When COVID-19 hit our community and shut down many social outlets andplaces to gather, Vicki became lonely and was yearning to be outside and in agarden. A friend suggested that she get involved with The Open Door’s Garden to Table program. Vicki connected with program manager Alpa, and soon after, plot 12 at Valley Natural Foods (TOD’s newest garden site) became Vicki’s.
Vicki grew up gardening with her family in Wisconsin. She was eager to garden this spring and “needed to be in the dirt.” Vicki quickly went from maintaining one garden plot to many more. “I decided plot 12 wasn’t big enough for me, so Alpa gave me plot 28 and in June gave me 23 and then she started to give me more spots.” Vicki planted tomatoes, peppers, sunflower seeds for pollinators and birds, swiss chard, beets, green beans, eggplant and squash and took care of the strawberry patch at plot 13, nurturing it along.
“I am unemployed, and my economic situation is not the greatest right now,” says Vicki. “[Gardening] kind of saved my life during COVID.”
In addition to providing healthy food for herself, she was happy to donate half of her squash harvest to The Open Door and share some with friends who are having troubles.
When asked how The Open Door supports her, Vicki got choked up. “Garden to Table supports me in so many ways. I am learning about so much – (that knowledge) feeds a lot. I love cooking, so I have made a lot of food for my sweetheart who has had a very tough summer financially. I have been able to make food for people in need from the produce from my garden.”
Vicki has also enjoyed the community aspect of Garden to Table. “When I was in my garden this summer, I was able to tell Valley Natural patrons the story of The Open Door and I kind of became an advocate for the program. I was planting the seeds in the people.” Vicki also worked with Shelley, Garden to Table’s Volunteer Master Gardener, to recruit pickers to gather pears from pear trees. Vicki made friends at her garden site, creating a deeper connection with other gardeners. “My little granddaughter and my son came and had lunch in my garden space and my granddaughter helped me garden. It was a great place to meet up with friends and families. Such a wonderful and nurturing space for me to have this year. Thank you.”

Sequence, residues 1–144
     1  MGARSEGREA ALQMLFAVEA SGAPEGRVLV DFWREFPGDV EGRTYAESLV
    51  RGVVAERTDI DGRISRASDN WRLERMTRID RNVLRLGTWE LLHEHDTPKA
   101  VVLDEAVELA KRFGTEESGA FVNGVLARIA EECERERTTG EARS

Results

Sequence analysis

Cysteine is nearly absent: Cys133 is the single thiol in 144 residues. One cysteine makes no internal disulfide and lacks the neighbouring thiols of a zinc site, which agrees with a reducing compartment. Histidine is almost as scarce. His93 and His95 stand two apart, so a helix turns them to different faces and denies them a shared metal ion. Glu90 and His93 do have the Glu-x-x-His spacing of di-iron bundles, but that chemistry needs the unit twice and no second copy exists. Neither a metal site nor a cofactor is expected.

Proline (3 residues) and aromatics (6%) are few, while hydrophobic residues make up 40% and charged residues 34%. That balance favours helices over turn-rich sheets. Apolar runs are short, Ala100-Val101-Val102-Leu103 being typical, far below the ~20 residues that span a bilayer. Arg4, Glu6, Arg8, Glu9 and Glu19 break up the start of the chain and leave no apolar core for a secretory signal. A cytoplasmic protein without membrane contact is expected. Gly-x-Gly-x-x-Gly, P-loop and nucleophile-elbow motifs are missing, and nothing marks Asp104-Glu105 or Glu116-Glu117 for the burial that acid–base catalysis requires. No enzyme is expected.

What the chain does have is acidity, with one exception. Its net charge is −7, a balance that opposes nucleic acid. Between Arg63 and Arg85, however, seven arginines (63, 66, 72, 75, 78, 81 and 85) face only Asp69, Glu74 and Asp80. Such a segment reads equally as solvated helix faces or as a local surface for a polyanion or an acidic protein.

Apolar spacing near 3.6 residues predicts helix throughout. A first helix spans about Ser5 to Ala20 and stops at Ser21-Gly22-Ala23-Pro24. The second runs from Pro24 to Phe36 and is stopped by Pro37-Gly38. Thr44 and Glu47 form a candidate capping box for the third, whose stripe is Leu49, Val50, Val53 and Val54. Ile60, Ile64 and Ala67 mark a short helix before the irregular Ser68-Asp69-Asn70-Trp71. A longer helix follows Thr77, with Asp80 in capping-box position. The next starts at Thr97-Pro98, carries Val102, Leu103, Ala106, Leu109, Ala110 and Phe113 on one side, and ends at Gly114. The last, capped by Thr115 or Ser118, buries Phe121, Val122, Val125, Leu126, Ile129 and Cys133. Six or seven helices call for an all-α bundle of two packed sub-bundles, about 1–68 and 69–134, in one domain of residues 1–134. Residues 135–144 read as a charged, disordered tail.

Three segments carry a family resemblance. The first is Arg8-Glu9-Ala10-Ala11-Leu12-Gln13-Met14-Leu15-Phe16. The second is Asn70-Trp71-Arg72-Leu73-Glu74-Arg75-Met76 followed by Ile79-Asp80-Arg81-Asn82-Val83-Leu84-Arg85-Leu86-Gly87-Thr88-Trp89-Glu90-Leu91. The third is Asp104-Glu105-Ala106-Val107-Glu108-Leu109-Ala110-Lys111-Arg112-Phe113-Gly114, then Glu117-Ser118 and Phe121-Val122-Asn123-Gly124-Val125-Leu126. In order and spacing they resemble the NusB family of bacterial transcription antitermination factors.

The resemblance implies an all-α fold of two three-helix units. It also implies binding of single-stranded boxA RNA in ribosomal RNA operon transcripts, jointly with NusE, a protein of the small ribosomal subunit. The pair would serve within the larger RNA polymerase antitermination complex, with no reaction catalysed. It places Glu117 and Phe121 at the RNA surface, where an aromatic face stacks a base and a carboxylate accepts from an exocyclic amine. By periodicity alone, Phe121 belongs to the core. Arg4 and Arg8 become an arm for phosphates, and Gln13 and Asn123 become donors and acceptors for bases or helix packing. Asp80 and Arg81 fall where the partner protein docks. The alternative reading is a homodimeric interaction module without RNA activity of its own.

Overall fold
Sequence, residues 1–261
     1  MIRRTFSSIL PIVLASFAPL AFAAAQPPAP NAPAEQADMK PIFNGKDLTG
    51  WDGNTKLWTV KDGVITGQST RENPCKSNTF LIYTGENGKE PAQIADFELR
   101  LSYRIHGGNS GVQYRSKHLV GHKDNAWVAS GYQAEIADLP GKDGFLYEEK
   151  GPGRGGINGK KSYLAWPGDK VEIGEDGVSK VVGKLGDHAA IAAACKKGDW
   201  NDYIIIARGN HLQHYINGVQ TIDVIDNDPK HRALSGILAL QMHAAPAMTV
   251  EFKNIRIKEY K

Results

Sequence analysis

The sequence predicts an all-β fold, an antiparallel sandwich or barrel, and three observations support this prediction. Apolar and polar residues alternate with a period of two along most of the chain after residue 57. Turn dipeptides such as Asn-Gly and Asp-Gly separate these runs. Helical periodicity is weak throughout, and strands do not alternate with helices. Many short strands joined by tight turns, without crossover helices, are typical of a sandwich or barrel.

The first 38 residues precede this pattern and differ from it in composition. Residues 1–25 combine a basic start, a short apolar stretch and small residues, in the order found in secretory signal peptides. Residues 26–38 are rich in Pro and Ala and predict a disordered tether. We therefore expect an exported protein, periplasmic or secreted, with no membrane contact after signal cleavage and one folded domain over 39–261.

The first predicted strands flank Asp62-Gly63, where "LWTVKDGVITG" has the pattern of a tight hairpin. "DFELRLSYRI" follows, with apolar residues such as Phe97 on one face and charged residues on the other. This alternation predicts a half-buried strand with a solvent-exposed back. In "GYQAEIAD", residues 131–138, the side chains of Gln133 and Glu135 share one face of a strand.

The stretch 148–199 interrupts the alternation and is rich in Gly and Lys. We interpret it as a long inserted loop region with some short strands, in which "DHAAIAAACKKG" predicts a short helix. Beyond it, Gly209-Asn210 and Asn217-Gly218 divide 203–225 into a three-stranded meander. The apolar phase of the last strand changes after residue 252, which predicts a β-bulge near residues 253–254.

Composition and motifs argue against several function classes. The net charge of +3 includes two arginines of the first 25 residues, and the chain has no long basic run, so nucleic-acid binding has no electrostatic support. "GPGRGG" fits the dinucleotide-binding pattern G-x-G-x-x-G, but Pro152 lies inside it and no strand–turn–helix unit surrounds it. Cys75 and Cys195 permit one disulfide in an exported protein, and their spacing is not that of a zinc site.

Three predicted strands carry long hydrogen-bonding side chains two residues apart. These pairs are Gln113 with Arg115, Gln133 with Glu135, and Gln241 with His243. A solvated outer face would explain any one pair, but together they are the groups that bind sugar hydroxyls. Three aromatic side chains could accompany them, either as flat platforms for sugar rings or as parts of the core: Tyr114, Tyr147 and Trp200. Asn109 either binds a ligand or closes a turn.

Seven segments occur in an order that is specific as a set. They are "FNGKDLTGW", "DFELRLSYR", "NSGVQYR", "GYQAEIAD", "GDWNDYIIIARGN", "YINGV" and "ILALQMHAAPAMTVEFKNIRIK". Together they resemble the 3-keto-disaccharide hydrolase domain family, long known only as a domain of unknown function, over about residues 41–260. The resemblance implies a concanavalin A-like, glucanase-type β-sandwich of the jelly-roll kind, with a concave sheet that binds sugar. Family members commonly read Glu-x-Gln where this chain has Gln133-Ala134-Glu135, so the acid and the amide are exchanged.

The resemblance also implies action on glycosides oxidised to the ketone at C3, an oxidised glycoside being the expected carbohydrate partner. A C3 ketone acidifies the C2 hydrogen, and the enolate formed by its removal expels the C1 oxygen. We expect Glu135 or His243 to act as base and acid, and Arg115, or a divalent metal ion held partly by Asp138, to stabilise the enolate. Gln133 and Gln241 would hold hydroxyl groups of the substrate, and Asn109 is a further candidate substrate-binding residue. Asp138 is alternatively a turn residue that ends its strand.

Vicki says her experience with Garden to Table showed her that food support can be surprisingly nutritious. “My previous perception of a food shelf was that it served people in deep need, but it didn’t give them healthy food. It gave them cans and boxes of mac and cheese and maybe bags of rice but not a well-balanced healthy diet with healthy fresh fruits and vegetables. When I got to be in the experience, and I got to produce fresh foods and bring it to the pantry, I felt like I was nurturing the whole human body. I appreciate health and well-being and I got a sense that The Open Door cares for the whole human body in the work of the organization.”
Vicki is already preparing for the next growing season. She has covered plots 10 and 23 with leaves to ready for winter. She has taken soil samples home to understand what is in the soil so that she can prepare for a bountiful garden in the next growing season.
When she isn’t gardening, Vicki is working on her start-up nonprofit to promote equitable environmental, economic, climate and community resilience. She is passionate about regenerative futures and has worked with more than 50 cities within the metro area. “Even though we have food insecurity, and it is increasing, it doesn’t have to be,” she says. “We can choose to create a community in a different way, so everyone has an abundance supply of food. We just have to look at how our systems are set up and be courageous enough to change them so that we can all enjoy an abundant, healthy diet.”
Leave a Reply